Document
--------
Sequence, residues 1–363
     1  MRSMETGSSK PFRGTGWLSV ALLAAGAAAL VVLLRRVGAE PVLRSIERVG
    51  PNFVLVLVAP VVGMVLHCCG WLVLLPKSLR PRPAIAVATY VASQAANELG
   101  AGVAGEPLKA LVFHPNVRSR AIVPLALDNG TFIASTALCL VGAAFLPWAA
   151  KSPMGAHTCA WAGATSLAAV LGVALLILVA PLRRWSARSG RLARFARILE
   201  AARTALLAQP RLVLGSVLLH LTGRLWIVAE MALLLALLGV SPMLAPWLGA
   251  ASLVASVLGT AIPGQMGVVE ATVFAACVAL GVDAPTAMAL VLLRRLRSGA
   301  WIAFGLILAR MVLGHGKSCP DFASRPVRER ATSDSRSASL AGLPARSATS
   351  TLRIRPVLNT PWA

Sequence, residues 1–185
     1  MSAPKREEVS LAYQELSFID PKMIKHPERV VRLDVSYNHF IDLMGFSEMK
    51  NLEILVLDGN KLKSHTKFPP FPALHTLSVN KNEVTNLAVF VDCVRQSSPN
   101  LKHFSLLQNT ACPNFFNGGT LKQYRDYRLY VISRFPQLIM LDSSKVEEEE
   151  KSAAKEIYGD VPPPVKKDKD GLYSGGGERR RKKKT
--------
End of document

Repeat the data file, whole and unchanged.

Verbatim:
Sequence, residues 1–363
     1  MRSMETGSSK PFRGTGWLSV ALLAAGAAAL VVLLRRVGAE PVLRSIERVG
    51  PNFVLVLVAP VVGMVLHCCG WLVLLPKSLR PRPAIAVATY VASQAANELG
   101  AGVAGEPLKA LVFHPNVRSR AIVPLALDNG TFIASTALCL VGAAFLPWAA
   151  KSPMGAHTCA WAGATSLAAV LGVALLILVA PLRRWSARSG RLARFARILE
   201  AARTALLAQP RLVLGSVLLH LTGRLWIVAE MALLLALLGV SPMLAPWLGA
   251  ASLVASVLGT AIPGQMGVVE ATVFAACVAL GVDAPTAMAL VLLRRLRSGA
   301  WIAFGLILAR MVLGHGKSCP DFASRPVRER ATSDSRSASL AGLPARSATS
   351  TLRIRPVLNT PWA

Sequence, residues 1–185
     1  MSAPKREEVS LAYQELSFID PKMIKHPERV VRLDVSYNHF IDLMGFSEMK
    51  NLEILVLDGN KLKSHTKFPP FPALHTLSVN KNEVTNLAVF VDCVRQSSPN
   101  LKHFSLLQNT ACPNFFNGGT LKQYRDYRLY VISRFPQLIM LDSSKVEEEE
   151  KSAAKEIYGD VPPPVKKDKD GLYSGGGERR RKKKT